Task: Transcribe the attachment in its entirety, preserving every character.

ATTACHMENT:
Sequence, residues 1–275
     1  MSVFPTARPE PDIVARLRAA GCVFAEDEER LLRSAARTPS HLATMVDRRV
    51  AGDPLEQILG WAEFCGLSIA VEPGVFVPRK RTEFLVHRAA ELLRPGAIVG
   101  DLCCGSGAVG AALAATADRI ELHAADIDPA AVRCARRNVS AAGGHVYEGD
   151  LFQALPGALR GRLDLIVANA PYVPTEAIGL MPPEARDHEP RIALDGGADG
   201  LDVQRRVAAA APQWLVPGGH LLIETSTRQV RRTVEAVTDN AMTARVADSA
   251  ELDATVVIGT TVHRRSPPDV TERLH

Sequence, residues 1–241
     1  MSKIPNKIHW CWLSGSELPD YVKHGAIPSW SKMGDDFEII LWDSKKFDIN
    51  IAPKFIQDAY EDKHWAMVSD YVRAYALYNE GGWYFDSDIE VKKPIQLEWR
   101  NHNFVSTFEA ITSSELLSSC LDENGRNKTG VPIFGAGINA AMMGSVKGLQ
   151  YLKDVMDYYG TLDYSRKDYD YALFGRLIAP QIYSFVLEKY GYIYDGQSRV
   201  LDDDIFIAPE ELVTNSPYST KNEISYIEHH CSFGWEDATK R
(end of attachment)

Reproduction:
Sequence, residues 1–275
     1  MSVFPTARPE PDIVARLRAA GCVFAEDEER LLRSAARTPS HLATMVDRRV
    51  AGDPLEQILG WAEFCGLSIA VEPGVFVPRK RTEFLVHRAA ELLRPGAIVG
   101  DLCCGSGAVG AALAATADRI ELHAADIDPA AVRCARRNVS AAGGHVYEGD
   151  LFQALPGALR GRLDLIVANA PYVPTEAIGL MPPEARDHEP RIALDGGADG
   201  LDVQRRVAAA APQWLVPGGH LLIETSTRQV RRTVEAVTDN AMTARVADSA
   251  ELDATVVIGT TVHRRSPPDV TERLH

Sequence, residues 1–241
     1  MSKIPNKIHW CWLSGSELPD YVKHGAIPSW SKMGDDFEII LWDSKKFDIN
    51  IAPKFIQDAY EDKHWAMVSD YVRAYALYNE GGWYFDSDIE VKKPIQLEWR
   101  NHNFVSTFEA ITSSELLSSC LDENGRNKTG VPIFGAGINA AMMGSVKGLQ
   151  YLKDVMDYYG TLDYSRKDYD YALFGRLIAP QIYSFVLEKY GYIYDGQSRV
   201  LDDDIFIAPE ELVTNSPYST KNEISYIEHH CSFGWEDATK R